• Más vale pájaro en mano que ciento volando.
    • A bird in the hand is better than a hundred flying birds.
  • Perro ladrador, poco mordedor.
    • A barking dog doesn't bite much.
  • Ser como el perro del hortelano, que ni come las berzas, ni las deja comer al amo.
    • To be like the gardener's dog, who doesn't eat the cabbages, nor lets the master eat them.
  • Si quieres el perro, acepta las pulgas.
    • If you want the dog, accept the fleas.

See also

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Contents

Translingual

Etymology

From Latin animalis (animal, living creature).

Proper noun

Animalia

  1. (biology) A kingdom in domain Eukaryota that consists of all multicellular organisms that have a central nervous system and rely on other organisms for energy.

See also


Wikispecies

Up to date as of January 23, 2010

From Wikispecies

Animalia

Taxonavigation

Main Page
Cladus: Eukaryota
Supergroup: Unikonta
Cladus: Opisthokonta
Regnum: Animalia
Subregna: Eumetazoa - Parazoa - incertae sedis

Overview of Recent phyla

Acanthocephala - Acoela - Annelida - Arthropoda - Brachiopoda - Bryozoa - Chaetognatha - Chordata - Cnidaria - Ctenophora - Cycliophora - Dicyemida - Echinodermata - Echiura - Entoprocta - Gastrotricha - Gnathostomulida - Hemichordata - Kinorhyncha - Loricifera - Micrognathozoa - Mollusca - Monoblastozoa - Myxozoa - Myzostomida - Nematoda - Nematomorpha - Nemertea - Nemertodermatida - Onychophora - Orthonectida - Phoronida - Placozoa - Platyhelminthes - Porifera - Priapulida - Rotifera - Sipuncula - Tardigrada - Xenoturbellida

Name

Animalia

Synonyms

References

  • Bourlat, S.J.; Nielsen, C.; Economou, A.D.; Telford, M.J. 2008: Testing the new animal phylogeny: a phylum level molecular analysis of the animal kingdom. Molecular phylogenetics and evolution, 49: 23-31.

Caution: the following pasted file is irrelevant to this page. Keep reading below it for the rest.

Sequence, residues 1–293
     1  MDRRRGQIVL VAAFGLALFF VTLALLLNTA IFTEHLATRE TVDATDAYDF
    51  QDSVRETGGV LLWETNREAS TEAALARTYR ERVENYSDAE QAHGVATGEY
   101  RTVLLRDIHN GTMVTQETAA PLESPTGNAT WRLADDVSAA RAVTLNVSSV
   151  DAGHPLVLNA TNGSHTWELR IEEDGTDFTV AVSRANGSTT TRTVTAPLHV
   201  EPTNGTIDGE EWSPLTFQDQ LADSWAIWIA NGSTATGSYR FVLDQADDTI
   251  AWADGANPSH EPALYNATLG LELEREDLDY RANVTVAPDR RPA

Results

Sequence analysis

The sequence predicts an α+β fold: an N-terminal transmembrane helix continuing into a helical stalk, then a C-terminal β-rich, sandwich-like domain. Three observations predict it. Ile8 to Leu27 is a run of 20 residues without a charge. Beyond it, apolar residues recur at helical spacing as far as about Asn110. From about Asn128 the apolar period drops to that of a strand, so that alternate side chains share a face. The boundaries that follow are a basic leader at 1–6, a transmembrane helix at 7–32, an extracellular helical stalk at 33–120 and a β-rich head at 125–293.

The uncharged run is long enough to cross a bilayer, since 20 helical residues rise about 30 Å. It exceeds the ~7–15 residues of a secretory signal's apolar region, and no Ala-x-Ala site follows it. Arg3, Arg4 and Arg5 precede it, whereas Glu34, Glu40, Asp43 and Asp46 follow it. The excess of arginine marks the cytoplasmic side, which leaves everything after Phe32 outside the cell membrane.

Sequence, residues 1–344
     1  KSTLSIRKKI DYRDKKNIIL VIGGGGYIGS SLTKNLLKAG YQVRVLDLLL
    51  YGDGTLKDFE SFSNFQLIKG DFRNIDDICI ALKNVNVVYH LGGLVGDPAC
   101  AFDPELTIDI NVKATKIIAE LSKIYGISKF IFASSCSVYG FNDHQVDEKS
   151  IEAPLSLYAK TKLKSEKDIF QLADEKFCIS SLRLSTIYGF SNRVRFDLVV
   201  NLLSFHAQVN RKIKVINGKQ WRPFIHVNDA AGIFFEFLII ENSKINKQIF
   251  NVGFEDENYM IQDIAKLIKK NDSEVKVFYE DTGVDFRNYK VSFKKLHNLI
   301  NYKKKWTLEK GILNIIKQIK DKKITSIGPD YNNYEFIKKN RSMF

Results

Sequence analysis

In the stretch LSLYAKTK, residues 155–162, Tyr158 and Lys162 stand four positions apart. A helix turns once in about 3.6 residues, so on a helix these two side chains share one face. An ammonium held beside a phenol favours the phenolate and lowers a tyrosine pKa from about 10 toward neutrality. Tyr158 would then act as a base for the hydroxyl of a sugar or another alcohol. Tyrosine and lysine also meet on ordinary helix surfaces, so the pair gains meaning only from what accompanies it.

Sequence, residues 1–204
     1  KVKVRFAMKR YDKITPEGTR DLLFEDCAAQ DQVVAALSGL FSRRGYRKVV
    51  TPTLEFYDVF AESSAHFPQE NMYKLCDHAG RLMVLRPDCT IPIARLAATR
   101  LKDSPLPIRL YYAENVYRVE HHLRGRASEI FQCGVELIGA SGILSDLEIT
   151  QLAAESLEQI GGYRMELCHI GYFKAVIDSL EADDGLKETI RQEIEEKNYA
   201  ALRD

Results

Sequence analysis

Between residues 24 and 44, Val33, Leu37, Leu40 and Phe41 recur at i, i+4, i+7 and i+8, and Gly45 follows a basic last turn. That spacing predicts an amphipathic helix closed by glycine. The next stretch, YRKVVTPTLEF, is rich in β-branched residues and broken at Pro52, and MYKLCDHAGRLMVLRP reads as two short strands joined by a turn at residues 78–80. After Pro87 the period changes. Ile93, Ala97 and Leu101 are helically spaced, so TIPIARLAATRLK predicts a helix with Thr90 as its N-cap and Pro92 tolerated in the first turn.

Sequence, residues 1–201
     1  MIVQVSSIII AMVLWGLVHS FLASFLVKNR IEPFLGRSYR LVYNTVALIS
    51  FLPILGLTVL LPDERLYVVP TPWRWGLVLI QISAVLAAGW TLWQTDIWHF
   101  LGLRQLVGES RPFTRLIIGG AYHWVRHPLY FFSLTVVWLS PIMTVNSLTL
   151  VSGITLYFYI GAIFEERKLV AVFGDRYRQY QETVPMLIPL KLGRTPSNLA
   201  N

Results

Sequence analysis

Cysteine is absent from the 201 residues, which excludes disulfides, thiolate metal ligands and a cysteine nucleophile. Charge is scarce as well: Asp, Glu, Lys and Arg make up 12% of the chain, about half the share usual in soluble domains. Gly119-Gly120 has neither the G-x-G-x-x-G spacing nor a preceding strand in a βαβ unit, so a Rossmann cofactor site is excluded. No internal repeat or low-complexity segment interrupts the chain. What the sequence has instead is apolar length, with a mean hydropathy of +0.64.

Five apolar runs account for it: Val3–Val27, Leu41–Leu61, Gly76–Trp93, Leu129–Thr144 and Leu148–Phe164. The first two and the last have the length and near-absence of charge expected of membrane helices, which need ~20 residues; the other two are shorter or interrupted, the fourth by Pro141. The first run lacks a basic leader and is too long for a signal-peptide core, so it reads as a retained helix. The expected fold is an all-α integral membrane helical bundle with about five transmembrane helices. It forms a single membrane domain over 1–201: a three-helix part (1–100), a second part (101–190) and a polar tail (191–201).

• Carlos, C.J.; Voisin, J.-f. 2009: A few remarks on the proposed amendment of the International Code of Zoological Nomenclature to expand and refine methods of publication. Zootaxa, 2198: 67-68. Abstract & excerpt
  • DeSalle, R.; Schierwater, B. 2008: An even "newer" animal phylogeny. BioEssays, 30: 1043-1047.
  • Dubois, A. 2007: Nomina zoologica linnaeana. Pp. 81-106 in: Zhang, Z.-Q. & Shear, W.A. (eds.) Linnaeus tercentenary: progress in invertebrate taxonomy. Zootaxa, 1668: 1–766. Abstract & excerpt
  • Dubois, A. 2009: Incorporation of nomina of higher-ranked taxa into the International Code of Zoological Nomenclature: the nomenclatural status of class-series zoological nomina published in a non-latinized form. Zootaxa, 2106: 1-12. Abstract & excerpt
  • Gordon, D.P. (ed.) 2009: New Zealand inventory of biodiversity. Volume 1. Kingdom Animalia. Radiata, Lophotrochozoa, Deuterostomia. Canterbury University Press, Christchurch, New Zealand.
  • Glenner, H.; Hansen, A.J.; Sørensen, M.V.; Ronquist, F.; Huelsenbeck, J.P.; Willerslev, E. 2004: Bayesian inference of the metazoan phylogeny: a combined molecular and morphological approach. Current biology, 14: 1644-1649.
  • Halanych, K.M. 2004: The new view of animal phylogeny. Annual review of ecology, evolution, and systematics, 35: 229-256. [1]
  • Jenner, R.A. 2004: Towards a phylogeny of the Metazoa: evaluating alternative phylogenetic positions of Platyhelminthes, Nemertea, and Gnathostomulida, with a critical reappraisal of cladistic characters. Contributions to zoology, 73(1-2): 3-163.
  • Leys, S.P.; Eerkes-Medrano, D. 2005: Gastrulation in calcareous sponges: in search of Haeckel’s Gastraea. Integrative & comparative biology, 45: 342–351. PDF
  • Nielsen, C. 2001: Animal evolution: interrelationships of the living phyla (2nd edition). Oxford University Press, New York.